Nanobubbles generation using a centrifugal multiphase pump

The research paper 'Nanobubbles: Generation using a multiphase pump, properties and features in flotation' has been published in Elsevier journal Minerals Engineering.


The importance of nanobubbles is now widely known, particularly their applications and potential in mineral processing. The actual challenge is to generate a high concentration of bubbles (number per water volume) in a sustainable manner at high flow rates. The main objective of this work was to develop a new method for generating highly-loaded nanobubbles aqueous solutions by hydrodynamic cavitation using a centrifugal multiphase pump (CMP) and a needle valve.

Nanobubbles (150–200 nm) were formed, at 22°C, with the pump and a recycle column, at various operating pressures and air/liquid surface tension. Nanobubbles were resistant to shearing caused by pump impellers and to high operating pressures (up to 5 bar) throughout several bubble generation cycles. The size of the nanobubbles remained constant, and their numeric concentration increased as a function of these cycles, reaching equilibrium after 29 cycles; this was dependent on pump pressure and the surface tension of the solution. The highest concentration (4 × 109 nanobubbles mL−1) was obtained at 5 bar and 49 mN m−1 surface tension (air holdup = 6.8% and D32 of microbubbles in the range between 62 and 70 µm). These phenomena can be explained by Henry's Law and the lower energy required for bubble formation when the interfacial tension (air/water) decreases and when the differential pressure in the cavitation zone increases. The mean diameter and concentration of these nanobubbles did not vary significantly over a period of two months, demonstrating the high stability of these concentrated nanobubbles.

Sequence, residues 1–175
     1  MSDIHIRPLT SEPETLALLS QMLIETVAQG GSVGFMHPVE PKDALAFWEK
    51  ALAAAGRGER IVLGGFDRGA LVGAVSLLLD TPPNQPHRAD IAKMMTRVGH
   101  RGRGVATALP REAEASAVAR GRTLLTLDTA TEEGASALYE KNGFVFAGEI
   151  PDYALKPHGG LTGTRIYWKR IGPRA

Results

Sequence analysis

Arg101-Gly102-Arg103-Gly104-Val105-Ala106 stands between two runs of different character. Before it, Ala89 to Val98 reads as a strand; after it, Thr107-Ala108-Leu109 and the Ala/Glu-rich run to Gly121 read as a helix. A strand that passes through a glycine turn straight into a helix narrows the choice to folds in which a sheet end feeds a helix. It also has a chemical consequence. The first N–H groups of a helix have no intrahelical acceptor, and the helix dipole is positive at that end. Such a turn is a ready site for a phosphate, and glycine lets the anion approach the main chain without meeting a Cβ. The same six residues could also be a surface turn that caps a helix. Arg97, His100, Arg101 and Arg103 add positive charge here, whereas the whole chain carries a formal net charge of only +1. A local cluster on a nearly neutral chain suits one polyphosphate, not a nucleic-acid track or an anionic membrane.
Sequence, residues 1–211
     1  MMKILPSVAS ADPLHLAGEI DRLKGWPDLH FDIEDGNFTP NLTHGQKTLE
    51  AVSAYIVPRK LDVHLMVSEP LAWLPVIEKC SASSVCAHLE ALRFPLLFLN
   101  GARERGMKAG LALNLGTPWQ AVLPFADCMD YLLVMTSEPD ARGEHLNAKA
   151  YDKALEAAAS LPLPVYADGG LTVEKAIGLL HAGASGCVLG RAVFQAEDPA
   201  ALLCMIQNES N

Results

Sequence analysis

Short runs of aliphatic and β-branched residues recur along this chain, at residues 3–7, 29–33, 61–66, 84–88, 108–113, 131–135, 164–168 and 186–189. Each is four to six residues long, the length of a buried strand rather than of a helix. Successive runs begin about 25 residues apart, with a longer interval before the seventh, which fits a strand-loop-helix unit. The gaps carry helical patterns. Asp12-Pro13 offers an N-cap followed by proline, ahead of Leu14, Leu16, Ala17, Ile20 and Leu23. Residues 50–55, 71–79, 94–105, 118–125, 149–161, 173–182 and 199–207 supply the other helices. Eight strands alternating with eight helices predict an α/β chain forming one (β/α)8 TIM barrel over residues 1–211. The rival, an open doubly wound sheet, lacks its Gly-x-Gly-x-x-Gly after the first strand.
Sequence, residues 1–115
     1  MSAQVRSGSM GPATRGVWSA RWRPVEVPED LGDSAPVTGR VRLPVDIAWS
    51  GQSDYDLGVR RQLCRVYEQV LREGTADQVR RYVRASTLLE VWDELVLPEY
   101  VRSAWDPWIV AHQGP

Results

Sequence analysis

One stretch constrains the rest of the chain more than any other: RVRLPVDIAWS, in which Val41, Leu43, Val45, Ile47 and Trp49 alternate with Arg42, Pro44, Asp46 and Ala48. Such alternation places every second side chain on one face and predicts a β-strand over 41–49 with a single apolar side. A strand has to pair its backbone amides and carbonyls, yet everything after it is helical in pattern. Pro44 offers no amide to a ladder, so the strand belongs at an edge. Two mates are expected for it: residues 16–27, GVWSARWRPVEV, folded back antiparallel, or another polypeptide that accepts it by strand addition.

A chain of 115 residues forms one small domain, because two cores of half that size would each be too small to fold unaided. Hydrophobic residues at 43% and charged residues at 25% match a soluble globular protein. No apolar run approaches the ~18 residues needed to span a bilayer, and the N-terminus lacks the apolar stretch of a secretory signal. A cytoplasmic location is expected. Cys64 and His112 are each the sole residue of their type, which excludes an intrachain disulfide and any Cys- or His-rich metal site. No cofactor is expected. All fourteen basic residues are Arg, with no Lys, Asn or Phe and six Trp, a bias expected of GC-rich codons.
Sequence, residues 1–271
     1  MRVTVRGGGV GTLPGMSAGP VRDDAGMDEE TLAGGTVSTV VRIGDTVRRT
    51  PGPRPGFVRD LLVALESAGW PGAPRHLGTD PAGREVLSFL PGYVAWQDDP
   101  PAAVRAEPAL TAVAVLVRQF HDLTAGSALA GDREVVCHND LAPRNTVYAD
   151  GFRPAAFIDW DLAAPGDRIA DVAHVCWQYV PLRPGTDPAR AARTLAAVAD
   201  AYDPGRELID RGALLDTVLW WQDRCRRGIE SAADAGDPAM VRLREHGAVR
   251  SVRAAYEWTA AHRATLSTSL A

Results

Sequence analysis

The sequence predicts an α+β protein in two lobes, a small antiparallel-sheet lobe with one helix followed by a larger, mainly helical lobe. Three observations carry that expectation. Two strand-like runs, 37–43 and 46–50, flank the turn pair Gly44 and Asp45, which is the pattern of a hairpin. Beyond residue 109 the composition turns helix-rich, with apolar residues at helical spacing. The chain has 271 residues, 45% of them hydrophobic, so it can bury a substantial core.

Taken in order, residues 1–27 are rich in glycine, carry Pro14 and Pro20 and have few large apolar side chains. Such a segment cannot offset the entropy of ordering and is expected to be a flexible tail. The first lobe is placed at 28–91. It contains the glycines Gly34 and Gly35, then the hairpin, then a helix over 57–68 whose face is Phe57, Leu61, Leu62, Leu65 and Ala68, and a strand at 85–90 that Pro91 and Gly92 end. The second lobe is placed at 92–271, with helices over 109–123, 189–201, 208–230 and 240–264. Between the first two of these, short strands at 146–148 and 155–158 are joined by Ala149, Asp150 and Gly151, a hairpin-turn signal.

It is concluded that the procedure has great potential in future applications in ore flotation and wastewater treatment and reuse.

Read the full text on ScienceDirect.